The “Loi Pacte” was approved by the French government earlier this year. the new law included multiple policy moves designed to improve the overall competitiveness of the French economy. As part of the legislation, France created bespoke rules for initial coin offerings.
Under French law, a security is a security and, beyond some adjustments, digital securities are guided under existing rules. A year ago, the French Government issued a decree adjusting for the utilization of blockchain for securities. The decree made France the first European country to take such a step. While not specifically mentioning blockchain or distributed ledger technology, the language aligned with the intent to facilitate securities tokens.
The Lot Pacte created rules for digital assets which are not securities. Earlier this year, Crowdfund Insider spoke with Attorney Thibault Verbiest who provided his perspective on the emerging ICO regime.
Uniquely, an issuer in France does not need to receive approval by the Autorité des Marchés (AMF) – the lead securities regulator in France. But an issuer may not promote an ICO if has not gone through a review process by the AMF. To quote the AMF:
Optional licensing for digital asset service providers – If they wish, digital asset service providers (PSAN) may be approved and placed under the supervision of the AMF.
The AMF will have the power to monitor the ICOs that have received its visa and to supervise the approved service providers. In the event of non-compliance with the rules, the AMF may impose sanctions against ICO issuers and authorized service providers.
Soliciting, patronage and sponsorship will be prohibited to non-subject ICOs and unauthorized service providers. Advertising will remain authorized.
As a result, the AMF may publish a “blacklist” of ICOs and digital asset service providers that do not comply with the regulations.
Effectively, if you cannot promote an offering there is little hope of generating any interest. Additionally, if an offering has not been reviewed by the AMF – who in their right mind would participate in such an offering?
Issuers that have had their white paper reviewed by the AMF, and the offering is deemed worthy, the ICO is then white-listed and a notice is posted on the AMF website.
But while CI has heard that multiple projects have been submitted, as of today, none of these aspiring ICOs have been posted on the AMF white list. The white list is empty.
Simultaneously, the AMF blacklist is a busy section of the regulator’s site. The French regulator publicly adds names to the list notifying the public of all sorts of nefarious websites attempting to fleece the unsuspecting of their money including “crypto-active.”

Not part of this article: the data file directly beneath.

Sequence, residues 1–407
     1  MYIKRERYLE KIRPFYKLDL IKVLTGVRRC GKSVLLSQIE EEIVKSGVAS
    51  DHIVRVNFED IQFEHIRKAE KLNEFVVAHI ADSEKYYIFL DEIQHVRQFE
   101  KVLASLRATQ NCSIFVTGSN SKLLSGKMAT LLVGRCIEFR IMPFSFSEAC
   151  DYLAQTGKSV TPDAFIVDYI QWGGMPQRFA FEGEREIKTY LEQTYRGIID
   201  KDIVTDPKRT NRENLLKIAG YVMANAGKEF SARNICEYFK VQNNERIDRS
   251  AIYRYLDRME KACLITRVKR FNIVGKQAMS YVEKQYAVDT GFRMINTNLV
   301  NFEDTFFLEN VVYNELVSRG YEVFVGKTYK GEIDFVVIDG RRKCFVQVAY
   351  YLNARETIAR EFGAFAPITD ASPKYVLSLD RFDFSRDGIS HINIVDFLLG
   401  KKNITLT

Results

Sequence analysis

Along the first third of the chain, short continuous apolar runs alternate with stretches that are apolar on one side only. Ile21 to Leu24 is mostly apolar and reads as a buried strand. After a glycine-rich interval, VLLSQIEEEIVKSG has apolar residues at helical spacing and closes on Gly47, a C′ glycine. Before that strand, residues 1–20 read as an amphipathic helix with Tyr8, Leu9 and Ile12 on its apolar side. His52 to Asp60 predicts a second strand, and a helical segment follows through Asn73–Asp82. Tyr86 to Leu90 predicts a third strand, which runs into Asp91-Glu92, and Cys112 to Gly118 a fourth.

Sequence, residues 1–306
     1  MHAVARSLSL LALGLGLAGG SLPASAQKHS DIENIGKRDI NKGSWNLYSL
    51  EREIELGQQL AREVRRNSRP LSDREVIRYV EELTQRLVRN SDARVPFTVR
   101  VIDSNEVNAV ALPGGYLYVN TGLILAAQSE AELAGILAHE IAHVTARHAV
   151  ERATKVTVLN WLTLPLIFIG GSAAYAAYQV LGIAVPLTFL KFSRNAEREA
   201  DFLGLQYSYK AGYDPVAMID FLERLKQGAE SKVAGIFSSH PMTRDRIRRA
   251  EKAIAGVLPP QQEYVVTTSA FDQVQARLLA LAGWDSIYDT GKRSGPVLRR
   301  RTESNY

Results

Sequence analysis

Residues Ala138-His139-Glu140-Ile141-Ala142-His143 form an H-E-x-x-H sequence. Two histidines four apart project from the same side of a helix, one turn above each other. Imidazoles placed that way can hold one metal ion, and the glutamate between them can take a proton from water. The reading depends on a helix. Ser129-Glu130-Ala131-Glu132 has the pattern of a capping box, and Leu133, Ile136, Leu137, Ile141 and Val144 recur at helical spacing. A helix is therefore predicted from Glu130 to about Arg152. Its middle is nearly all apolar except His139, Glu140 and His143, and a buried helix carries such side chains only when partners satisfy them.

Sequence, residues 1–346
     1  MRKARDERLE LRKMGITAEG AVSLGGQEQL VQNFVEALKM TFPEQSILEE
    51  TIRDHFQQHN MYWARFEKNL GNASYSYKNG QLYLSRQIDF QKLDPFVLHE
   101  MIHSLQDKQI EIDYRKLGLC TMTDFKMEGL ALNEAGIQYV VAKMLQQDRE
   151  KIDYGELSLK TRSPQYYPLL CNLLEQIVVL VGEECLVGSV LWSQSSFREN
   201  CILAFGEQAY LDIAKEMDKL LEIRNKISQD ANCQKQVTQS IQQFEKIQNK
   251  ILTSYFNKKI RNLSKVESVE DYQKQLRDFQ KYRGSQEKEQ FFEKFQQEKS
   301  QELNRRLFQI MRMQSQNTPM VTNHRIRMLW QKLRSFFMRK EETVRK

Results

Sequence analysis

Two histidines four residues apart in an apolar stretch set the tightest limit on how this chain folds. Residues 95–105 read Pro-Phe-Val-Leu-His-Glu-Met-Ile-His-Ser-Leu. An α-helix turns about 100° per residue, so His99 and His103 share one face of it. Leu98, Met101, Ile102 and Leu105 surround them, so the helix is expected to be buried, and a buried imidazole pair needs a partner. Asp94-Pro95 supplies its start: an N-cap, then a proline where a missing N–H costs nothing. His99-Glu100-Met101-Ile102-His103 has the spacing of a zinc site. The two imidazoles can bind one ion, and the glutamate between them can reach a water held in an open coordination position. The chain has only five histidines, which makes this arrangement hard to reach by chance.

While it is not just bogus ICOs that are on the list, the AMF blacklist is a good example of the risk involved in backing any investment that sounds good but really isn’t. Just last week, the AMF posted a notice about a bogus investment crowdfunding platform claiming it was regulated when it was not.
Crowdfund Insider contacted Bilal el Alamy, CEO and founder of Equisafe for his point of view. El Alamy is in the thick of the blockchain sector as Equisafe is an issuer of digital securities – most recently a tokenized real estate investment that stands as a proof of concept for their securitization process. We asked El Alamy if he was aware of forthcoming, White-listed ICOs in France:
“The Decree for the PACTE law is very recent, the AMF has probably received plenty of submissions that, I’m sure, they are currently analysing,” said El Alamy. “What I see from the market is that they are a lot of projects that are doing an ICO for the wrong reason and as the AMF is publicly giving an « opinion », I guess they are really challenging the projects and the teams.”
El Alamy noted that this process is good but it takes a long time as there may be multiple meetings with AMF officials as they poor through the White Paper and complete due diligence on the aspiring issuers.
The other issue is that the initial coin offering market has lost a good amount of its lustre. The ICO market was hot when it was an easy path to fast money and speculation. Most cryptocurrencies issued during the heyday are worth far less than at the time of the offering. Like most startups, whether the concept has merit or not, these companies will fail.
But El Alamy says the ICO collapse, peppered with fraud, doesn’t mean there will not be any future “utility” type offerings:
“…the truth is, they aren’t many ICOs being done. But it’s coming … I know of some projects that are in the pipe, the first cohort should be announced by the beginning of next year,” El Alamy assured us.
Let’s see what the AMF approves after the first of the year and whether or not the rest of Europe will follow in France’s path.